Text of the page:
Your network is secure. But what about your admin passwords security

Identity theft and stolen / admin passwords security

“So what’s the real risk of a hacked admin account? Are the consequences so dire? Short answer: absolutely. The survey found that 40 percent of Windows hosts could lead to “complete compromise” if hacked, and that many of these hosts were “high risk,” meaning they can access more than 80 percent of the networks’ other credentials.”

Imagine you had installed a sophisticated home security system … but then you left the key under the front door mat so that members of the family could get into the house!

That’s the kind of scenario which a lot of IT security managers are facing today. They have invested money, time and expertise on network security … but then people with admin passwords can become the weak link in the chain.

Maybe a consultant has stored the password on their smartphone, then left it on the train. Or a product manager has emailed the password to their GMail account so they can work from home, but their personal email becomes compromised.

Even writing the password in a notebook, and then losing the notebook, is risk as the world seems to be full of wannabe hackers these days.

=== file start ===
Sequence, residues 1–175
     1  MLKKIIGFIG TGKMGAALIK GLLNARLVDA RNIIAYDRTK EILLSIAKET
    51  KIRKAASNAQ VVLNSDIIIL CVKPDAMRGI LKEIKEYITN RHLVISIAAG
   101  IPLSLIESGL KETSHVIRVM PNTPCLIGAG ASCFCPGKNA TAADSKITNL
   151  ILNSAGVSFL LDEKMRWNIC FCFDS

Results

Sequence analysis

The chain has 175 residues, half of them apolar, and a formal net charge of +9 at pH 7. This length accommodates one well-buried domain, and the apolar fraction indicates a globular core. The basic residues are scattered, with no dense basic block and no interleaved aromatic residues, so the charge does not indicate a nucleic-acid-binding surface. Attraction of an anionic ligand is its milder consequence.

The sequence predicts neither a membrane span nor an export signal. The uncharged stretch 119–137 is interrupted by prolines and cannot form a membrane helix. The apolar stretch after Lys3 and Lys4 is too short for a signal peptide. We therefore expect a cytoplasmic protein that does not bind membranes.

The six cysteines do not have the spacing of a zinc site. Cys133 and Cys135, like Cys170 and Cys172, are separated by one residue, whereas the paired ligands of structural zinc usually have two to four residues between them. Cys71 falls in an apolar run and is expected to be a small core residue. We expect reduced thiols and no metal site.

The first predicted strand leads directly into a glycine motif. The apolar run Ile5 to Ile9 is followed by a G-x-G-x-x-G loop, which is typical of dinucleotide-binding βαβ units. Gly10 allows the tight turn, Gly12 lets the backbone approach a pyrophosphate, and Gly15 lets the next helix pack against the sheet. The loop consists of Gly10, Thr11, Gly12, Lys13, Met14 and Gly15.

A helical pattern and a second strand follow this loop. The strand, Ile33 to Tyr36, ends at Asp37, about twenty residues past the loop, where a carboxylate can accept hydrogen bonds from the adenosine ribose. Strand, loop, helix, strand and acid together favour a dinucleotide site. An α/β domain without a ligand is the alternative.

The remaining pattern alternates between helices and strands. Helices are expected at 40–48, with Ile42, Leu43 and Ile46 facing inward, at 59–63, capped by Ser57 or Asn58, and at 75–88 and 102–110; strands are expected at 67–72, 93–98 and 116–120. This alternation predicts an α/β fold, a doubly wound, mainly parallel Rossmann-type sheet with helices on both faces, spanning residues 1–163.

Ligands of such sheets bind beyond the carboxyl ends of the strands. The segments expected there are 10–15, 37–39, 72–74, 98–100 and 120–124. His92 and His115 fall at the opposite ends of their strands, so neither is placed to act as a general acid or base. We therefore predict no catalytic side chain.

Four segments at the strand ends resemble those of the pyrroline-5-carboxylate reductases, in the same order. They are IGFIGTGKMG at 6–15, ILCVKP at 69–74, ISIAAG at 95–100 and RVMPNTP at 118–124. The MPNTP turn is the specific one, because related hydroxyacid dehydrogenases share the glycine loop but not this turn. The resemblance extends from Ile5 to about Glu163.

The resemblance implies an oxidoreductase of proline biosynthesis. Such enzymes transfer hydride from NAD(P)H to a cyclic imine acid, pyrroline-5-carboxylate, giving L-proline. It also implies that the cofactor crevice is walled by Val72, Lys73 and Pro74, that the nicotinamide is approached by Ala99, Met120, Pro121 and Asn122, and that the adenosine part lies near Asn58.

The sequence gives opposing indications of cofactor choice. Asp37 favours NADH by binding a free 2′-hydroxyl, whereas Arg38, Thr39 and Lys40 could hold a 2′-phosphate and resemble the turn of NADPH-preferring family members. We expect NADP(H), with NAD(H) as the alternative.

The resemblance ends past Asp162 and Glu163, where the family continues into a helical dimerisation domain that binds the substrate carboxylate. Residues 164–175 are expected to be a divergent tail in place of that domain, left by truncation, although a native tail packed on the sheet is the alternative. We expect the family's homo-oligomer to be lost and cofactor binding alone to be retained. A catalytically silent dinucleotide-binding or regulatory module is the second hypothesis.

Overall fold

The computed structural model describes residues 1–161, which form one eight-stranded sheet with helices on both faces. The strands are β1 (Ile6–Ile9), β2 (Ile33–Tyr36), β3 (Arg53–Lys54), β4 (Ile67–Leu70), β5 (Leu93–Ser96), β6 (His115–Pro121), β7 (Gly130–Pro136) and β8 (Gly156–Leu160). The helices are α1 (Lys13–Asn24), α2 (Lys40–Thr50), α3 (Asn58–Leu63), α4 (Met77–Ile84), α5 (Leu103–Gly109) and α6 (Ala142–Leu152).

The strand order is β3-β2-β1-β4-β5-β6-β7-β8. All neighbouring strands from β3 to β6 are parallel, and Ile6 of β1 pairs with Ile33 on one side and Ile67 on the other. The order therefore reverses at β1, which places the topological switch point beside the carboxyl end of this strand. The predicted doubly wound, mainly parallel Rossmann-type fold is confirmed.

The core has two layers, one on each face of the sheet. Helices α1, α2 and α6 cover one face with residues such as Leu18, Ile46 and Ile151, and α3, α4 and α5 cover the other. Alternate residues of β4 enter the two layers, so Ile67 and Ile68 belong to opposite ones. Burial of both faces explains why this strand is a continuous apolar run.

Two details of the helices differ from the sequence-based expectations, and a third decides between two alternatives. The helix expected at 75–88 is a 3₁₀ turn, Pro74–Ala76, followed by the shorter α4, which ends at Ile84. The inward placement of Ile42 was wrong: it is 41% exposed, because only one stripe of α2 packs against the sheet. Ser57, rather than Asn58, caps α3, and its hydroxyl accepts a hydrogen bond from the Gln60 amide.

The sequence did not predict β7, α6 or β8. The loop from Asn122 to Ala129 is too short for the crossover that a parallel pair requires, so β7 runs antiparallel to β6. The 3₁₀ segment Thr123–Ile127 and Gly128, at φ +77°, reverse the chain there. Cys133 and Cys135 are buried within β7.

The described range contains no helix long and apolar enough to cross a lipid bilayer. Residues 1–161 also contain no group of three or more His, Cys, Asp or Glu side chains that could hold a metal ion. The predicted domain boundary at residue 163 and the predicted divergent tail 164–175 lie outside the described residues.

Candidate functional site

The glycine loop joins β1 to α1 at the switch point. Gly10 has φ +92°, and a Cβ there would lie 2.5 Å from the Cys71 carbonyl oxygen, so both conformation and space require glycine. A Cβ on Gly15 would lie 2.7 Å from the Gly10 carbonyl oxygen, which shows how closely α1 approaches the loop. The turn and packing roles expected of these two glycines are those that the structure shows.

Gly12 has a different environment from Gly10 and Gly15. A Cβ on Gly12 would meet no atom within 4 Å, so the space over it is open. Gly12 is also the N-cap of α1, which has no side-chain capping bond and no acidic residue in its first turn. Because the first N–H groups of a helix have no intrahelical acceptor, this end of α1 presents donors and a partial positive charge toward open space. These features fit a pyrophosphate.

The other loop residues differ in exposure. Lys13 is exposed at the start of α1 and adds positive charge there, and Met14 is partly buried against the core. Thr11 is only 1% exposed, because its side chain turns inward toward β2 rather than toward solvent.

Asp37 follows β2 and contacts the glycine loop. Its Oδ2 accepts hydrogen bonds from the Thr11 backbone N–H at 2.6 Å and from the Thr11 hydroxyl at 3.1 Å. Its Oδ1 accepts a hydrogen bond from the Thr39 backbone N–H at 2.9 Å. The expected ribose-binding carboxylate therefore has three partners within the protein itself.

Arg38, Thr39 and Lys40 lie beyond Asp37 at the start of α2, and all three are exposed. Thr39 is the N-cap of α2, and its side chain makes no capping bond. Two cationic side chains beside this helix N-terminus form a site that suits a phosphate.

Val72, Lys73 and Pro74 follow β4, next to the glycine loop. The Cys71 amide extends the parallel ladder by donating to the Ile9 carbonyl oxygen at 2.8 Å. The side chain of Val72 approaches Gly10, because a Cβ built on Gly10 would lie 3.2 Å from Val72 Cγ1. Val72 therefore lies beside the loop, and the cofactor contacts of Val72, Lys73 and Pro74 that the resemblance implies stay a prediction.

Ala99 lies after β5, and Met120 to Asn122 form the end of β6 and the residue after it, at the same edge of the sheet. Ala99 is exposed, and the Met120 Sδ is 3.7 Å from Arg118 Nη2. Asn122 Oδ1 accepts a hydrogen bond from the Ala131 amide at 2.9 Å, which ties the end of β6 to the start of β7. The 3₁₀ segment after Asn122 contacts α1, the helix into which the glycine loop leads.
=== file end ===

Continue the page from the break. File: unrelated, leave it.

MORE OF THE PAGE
A recent blog post on the Security Intelligence website (link below) included some interesting statistics:

– 88% of networks are at risk from stolen or re-used passwords.

– 61% of security manager said password misuse was the most difficult event to stop.

– Only 26% of privileged admin users change their password monthly.

 

A daily audit by Elastic Detector can highlight the latest vulnerabilities in your network hardware and software. But it’s worth noting that SecludIT Elastic detector goes far beyond scanning for vulnerabilities and includes many other aspects of security. For example,  it includes configuration and password checking.

So, don’t leave the keys for your network where hackers can find them. Use Elastic Detector to manage the human element of your network, as well as the technology elements.

Read more on securityintelligence.com

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